After several years of twice-weekly tutoring from his surrogate sister and neighbour, Marie Maguire Crawford, Starkey had nearly caught up to his peers academically, but in 1953, he contracted tuberculosis and was admitted to a sanatorium, where he remained for two years.
    More Details Hide Details During his stay the medical staff made an effort to stimulate motor activity and relieve boredom by encouraging their patients to join the hospital band, leading to his first exposure to a percussion instrument: a makeshift mallet made from a cotton bobbin that he used to strike the cabinets next to his bed. Soon afterwards, he grew increasingly interested in drumming, receiving a copy of the Alyn Ainsworth song "Bedtime for Drums" as a convalescence gift from Crawford. Starkey commented: "I was in the hospital band... That's where I really started playing. I never wanted anything else from there on... My grandparents gave me a mandolin and a banjo, but I didn't want them. My grandfather gave me a harmonica... we had a piano – nothing. Only the drums." Starkey attended St Silas, a Church of England primary school near his house where his classmates nicknamed him "Lazarus", and later Dingle Vale Secondary modern school, where he showed an aptitude for art and drama, as well as practical subjects including mechanics. As a result of the prolonged hospitalisations, he fell behind his peers scholastically and was ineligible for the 11-plus qualifying examination required for attendance at a grammar school.
  • 1948
    Age 7
    Upon his discharge in May 1948, his mother allowed him to stay home, causing him to miss school.
    More Details Hide Details At age eight, he remained illiterate, with a poor grasp of mathematics. His lack of education contributed to a feeling of alienation at school, which resulted in him regularly playing truant at Sefton Park.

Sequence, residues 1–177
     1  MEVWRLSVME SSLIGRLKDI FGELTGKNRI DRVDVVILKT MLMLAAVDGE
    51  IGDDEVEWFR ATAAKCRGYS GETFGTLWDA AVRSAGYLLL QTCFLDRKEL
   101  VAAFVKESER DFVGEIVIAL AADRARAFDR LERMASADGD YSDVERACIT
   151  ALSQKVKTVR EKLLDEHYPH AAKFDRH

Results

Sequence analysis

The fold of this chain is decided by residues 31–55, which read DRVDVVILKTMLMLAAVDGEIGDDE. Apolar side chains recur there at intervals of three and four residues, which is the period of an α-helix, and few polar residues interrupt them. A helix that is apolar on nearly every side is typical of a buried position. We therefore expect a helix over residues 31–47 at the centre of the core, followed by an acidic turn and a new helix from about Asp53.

• 1944
    Age 3
    In 1944, in an effort to reduce their housing costs, his family moved to another neighbourhood in the Dingle, 10 Admiral Grove; soon afterwards, his parents separated, and they divorced within the year.
    More Details Hide Details Starkey later stated that he has "no real memories" of his father, who made little effort to bond with him, visiting as few as three times thereafter. Elsie found it difficult to survive on her ex-husband's support payments of thirty shillings a week, so she took on several menial jobs cleaning houses before securing a position as a local barmaid, an occupation that she held for twelve years. At age six Starkey developed appendicitis. Following a routine appendectomy he contracted peritonitis, causing him to fall into a coma that lasted for days. His recovery spanned twelve months, which he spent away from his family at Liverpool's Myrtle Street children's hospital.
  • 1940
    Born on July 7, 1940.
    More Details Hide Details